Prior complaints against Hughes were filed with the Oklahoma State Department of Health in 2003 and 2007 regarding his work with dementia patients at the Nowata Nursing Center, a court affidavit states. Another complainant alleged that Hughes asked to have oral sex with him.  The Nowata Nursing Center did not report either case to local law enforcement authorities, the court affidavit states.

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ABC 7 had a tragic article about Anthony Joseph Garcia, an employee at a Las Cruces nursing home,  sentenced for beating an elderly man in his care. Frank Vallejas, now 80, was a 76-year-old nursing home resident beaten by his own caretaker. The family later found out his caretaker had a lengthy criminal record. He was sentenced to 5 1/2 years in prison. Garcia had three previous felony convictions and rape charges, all of which under New Mexico state law would prohibit him from working as a caregiver. By law, a background check must be conducted before someone is hired as a caretaker.

ABC-7 contacted District Attorney Susana Martinez, who said it appears either the Las Cruces Nursing Center did a background check, saw Garcia’s record and let him work there anyway, or they failed to do a proper check altogether.  The human resources department and the Nursing Center said they do in fact follow standard procedures when it comes to background checks.

The administrators in human resources say they have not been on the job long and do not remember anyone by the name of Anthony Garcia. The victim has been moved to a different facility and is improving.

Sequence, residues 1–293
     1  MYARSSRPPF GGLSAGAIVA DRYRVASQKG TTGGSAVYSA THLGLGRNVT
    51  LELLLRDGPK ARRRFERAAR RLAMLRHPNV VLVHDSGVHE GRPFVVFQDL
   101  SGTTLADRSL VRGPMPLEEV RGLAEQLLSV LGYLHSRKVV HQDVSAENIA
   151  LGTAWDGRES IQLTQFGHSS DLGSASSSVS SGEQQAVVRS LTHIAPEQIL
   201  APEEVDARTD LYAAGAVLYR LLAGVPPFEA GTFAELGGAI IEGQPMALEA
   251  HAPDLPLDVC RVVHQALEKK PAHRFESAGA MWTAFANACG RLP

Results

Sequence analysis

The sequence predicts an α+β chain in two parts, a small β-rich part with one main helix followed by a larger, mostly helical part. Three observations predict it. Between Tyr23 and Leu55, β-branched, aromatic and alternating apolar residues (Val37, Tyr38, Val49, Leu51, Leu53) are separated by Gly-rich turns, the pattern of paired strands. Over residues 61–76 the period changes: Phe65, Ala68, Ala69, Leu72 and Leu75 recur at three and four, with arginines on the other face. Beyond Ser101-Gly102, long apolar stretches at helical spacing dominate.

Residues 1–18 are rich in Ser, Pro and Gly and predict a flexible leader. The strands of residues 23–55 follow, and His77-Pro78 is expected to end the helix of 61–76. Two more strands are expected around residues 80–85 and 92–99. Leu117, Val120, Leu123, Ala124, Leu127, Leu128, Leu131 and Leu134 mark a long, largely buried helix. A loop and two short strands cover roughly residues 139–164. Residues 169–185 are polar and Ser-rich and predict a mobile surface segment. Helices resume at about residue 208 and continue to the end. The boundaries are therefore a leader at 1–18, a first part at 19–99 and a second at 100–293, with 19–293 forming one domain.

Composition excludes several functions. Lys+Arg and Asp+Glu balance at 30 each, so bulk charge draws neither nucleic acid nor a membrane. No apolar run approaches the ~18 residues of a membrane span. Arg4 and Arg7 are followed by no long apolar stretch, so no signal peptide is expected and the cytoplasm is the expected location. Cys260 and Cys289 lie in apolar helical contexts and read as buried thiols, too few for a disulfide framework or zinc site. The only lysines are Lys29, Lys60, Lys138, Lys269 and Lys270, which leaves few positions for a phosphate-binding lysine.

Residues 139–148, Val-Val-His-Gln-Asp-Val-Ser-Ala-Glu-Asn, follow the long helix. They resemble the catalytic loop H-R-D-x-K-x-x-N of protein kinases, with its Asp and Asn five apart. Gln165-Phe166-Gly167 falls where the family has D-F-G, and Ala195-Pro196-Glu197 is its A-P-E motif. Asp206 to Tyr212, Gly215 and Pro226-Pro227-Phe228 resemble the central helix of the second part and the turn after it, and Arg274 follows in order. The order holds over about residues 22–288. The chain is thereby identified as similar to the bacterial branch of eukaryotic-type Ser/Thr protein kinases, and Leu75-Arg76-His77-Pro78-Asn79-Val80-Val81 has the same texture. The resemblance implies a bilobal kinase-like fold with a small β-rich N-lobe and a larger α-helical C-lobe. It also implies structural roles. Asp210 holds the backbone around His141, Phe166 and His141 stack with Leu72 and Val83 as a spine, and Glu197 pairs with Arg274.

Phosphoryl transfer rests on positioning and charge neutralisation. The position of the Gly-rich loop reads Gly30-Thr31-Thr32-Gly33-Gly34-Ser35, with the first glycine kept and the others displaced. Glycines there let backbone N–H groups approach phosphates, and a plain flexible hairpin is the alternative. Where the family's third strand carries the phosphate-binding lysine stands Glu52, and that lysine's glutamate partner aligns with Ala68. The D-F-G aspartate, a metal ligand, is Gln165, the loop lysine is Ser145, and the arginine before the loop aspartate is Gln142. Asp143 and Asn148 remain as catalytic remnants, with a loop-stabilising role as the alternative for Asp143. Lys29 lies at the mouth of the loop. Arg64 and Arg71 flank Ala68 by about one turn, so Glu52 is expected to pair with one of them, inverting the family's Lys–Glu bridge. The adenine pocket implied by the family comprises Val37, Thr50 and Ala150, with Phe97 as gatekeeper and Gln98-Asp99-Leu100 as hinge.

Read More →

Chicago Tribune had an article that is a good follow-up or counter balance to yesterday’s blog entry.  The article discusses the overmedication of nursing home residents including Delores Fleming.  She moved into Heritage Manor of Mount Zion and scored 23 out of 30 on a mental exam and was deemed to be "moderately impaired," state inspection records show.  Fleming had few problems her first week in the nursing home, according to her medical records, which her family provided to the Tribune.  But after she repeatedly had crying spells and tried to wander away, the nursing home doctor prescribed two anti psychotic drugs, even though she was not psychotic. Her family had given consent for the Seroquel, but the medical records show the permission sheet erroneously described the drug as an anti-anxiety medication. Seroquel is an anti psychotic drug intended for serious mental illnesses, such as schizophrenia.